“With the release of the iPhone 7, customers have a lot of choice when it comes to purchasing the best iPhone for their personal circumstances,” Jeff Benjamin writes for 9to5Mac. “If you’re in the market for a new iPhone 7, which new iPhone should you consider buying?”
“I’m convinced that the new sweet spot for storage space is the 128GB version of the iPhone. 128GB lends users a high storage ceiling,” Benjamin writes. “Only the most prolific storage users might look into the 256GB models of the iPhone 7. But if money is no issue, it certainly can’t hurt to opt for that much storage.”
“Color is highly subjective, but there are some definite things to consider here as well. Do you want to make it obvious that you have the latest and greatest? If so, then Black and Jet Black are your best options,” Benjamin writes. “Do you use your iPhone naked, i.e. without a case? If so, and you aren’t worried about scratches and micro abrasions, then the Jet Black iPhone is by far the best feeling iPhone from a tactile perspective. I’ve long held the opinion that the plastic iPhone 5c was the best handling iPhone up until this moment in time, but the Jet Black model easily dethrones it.”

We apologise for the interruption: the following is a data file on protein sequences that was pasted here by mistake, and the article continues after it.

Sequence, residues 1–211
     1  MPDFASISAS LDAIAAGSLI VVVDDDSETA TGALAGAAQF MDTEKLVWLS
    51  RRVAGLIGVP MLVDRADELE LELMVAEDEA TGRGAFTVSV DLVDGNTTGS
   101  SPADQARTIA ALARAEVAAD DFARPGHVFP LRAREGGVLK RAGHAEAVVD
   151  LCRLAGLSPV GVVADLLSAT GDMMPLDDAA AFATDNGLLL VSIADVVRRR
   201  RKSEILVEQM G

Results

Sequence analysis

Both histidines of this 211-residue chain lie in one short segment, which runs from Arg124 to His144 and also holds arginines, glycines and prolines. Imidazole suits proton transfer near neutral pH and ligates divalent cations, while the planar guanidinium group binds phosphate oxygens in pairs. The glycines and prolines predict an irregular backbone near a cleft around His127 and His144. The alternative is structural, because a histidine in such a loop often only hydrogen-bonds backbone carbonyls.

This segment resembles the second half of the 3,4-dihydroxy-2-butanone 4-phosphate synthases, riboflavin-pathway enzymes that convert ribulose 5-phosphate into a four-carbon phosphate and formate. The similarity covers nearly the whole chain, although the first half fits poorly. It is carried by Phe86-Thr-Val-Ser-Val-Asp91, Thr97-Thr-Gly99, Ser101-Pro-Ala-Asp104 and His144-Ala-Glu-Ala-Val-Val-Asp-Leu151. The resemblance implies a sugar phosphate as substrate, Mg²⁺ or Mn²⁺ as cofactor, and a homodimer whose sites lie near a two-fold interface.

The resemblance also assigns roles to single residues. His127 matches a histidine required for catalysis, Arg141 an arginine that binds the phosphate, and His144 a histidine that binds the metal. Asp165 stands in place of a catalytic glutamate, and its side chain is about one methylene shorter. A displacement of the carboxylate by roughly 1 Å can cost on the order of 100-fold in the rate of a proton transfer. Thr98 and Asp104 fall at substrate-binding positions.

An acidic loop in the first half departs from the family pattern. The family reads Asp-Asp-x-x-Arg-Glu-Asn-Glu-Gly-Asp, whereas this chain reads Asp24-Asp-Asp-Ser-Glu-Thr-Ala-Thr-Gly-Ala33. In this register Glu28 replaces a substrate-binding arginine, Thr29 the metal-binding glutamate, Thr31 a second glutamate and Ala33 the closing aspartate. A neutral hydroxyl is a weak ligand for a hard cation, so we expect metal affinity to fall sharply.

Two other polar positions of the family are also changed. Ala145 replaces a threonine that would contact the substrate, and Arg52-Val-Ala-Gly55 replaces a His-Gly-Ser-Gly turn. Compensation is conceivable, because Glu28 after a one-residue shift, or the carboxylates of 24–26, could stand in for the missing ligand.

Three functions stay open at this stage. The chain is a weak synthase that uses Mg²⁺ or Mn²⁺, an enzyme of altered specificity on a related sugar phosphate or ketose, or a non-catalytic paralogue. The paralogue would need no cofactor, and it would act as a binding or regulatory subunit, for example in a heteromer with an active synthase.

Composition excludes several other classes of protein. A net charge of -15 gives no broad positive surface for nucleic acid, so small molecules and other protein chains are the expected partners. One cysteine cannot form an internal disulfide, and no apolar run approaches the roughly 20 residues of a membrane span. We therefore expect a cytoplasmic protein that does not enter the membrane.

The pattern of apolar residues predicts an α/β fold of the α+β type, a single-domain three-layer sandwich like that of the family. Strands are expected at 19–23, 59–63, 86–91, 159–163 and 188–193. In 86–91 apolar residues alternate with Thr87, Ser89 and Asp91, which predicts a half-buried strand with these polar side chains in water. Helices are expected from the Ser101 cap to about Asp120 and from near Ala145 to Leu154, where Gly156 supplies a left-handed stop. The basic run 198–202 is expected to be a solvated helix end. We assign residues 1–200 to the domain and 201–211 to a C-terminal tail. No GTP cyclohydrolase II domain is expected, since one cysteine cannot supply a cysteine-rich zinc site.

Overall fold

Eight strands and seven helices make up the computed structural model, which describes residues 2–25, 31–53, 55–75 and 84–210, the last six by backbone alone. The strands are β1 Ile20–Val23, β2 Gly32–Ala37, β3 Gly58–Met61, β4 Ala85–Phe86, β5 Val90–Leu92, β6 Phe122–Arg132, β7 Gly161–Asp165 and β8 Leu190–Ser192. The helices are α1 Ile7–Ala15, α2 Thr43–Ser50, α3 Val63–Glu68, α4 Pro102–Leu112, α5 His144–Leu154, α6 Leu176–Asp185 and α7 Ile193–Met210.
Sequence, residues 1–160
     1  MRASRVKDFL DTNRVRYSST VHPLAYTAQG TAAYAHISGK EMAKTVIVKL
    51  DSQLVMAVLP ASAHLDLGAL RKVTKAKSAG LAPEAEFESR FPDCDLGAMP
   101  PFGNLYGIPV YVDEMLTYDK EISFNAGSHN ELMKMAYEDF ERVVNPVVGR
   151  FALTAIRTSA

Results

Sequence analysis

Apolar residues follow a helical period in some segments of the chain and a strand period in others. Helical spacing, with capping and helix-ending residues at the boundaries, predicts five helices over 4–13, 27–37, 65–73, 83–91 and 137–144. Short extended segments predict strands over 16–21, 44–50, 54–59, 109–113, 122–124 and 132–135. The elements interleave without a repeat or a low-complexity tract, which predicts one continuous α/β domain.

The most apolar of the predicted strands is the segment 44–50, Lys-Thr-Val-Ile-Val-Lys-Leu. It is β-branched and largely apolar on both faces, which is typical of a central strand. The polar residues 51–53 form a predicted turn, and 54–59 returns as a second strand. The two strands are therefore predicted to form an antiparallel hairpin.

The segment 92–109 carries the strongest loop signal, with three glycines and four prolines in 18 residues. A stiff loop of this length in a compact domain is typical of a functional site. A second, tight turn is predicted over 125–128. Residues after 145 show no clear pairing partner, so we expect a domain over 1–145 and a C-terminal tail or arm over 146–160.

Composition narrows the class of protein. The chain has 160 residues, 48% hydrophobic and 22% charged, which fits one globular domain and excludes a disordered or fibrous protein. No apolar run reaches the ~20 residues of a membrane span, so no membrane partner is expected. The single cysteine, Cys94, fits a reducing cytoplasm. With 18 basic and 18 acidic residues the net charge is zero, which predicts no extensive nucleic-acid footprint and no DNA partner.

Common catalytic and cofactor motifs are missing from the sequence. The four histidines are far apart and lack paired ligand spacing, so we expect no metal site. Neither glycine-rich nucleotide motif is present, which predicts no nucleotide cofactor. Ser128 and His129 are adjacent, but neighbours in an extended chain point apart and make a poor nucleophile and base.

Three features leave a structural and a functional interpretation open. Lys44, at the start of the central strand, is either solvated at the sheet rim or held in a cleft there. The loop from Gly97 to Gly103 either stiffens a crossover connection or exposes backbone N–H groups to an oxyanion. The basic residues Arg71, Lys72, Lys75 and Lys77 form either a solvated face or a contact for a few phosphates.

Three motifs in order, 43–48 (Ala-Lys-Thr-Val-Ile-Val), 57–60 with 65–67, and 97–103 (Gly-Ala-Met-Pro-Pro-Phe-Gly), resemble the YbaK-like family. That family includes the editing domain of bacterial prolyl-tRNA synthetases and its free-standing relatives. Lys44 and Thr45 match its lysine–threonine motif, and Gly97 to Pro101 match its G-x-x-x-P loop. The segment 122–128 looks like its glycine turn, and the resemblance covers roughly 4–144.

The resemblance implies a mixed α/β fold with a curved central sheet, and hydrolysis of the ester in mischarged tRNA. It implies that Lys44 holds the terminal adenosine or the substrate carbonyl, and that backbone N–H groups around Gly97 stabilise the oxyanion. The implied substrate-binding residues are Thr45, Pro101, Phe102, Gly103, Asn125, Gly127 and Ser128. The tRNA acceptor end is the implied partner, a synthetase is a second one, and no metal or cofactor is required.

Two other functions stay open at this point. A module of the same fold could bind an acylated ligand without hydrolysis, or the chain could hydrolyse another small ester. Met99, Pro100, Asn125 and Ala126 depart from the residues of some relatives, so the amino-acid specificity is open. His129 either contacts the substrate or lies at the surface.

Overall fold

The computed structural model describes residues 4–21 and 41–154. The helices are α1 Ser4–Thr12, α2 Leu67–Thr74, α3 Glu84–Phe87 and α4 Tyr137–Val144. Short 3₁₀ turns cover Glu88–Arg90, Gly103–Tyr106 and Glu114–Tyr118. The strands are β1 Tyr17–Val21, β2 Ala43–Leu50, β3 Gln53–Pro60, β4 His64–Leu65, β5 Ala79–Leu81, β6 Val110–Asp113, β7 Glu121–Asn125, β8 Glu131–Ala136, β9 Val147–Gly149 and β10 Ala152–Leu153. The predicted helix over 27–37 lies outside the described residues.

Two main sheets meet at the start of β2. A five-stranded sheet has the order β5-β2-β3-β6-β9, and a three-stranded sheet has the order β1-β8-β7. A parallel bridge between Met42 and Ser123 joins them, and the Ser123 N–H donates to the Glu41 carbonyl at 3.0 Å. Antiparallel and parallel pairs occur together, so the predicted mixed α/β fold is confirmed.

Much more in the full article here.
MacDailyNews Take: We chose Apple’s iPhone 7 Plus flagship over iPhone 7 for three reasons: Display size, camera, and battery life. We’re willing to carry something larger in exchange for those three things.
The amount of time spent on iPhone’s exquisite design, in general, and the copious extra effort spent on the Jet Black finish, in particular, means that our 256GB Jet Black iPhone 7 Plus units will be used without cases. Just like Jony Ive’s iPhone.
iPhones are meant to be used. And use creates a certain patina. You don’t buy a leather sofa and immediately encase it in plastic – unless you’re Great Aunt Aunt Edith (who’d never a buy sofa in leather anyway, but you get the point).
If resale value is your main concern or if you’re prone to dropping your iPhone, then use a case (something like this $14.99 Caseology clear case; there’s no need to break the bank). But, of course, as with any full-body case you’re making your iPhone thicker, heavier, and potentially causing it to run hotter, so, if you’re willing to absorb the mere $25 dollar or so difference in resale value between a year old iPhone with normal signs of wear vs. “flawless” (which, serious, have they ever given that designation to you even after having it entombed at all times?) you might want to consider eschewing the case.
We treat our iPhones like the pocketable personal computers they are (no dropping), so we’re willing to take the $25 hit in resale value each year in order to be able to enjoy the craftsmanship of Apple’s industrial design, nude, in all of its glory.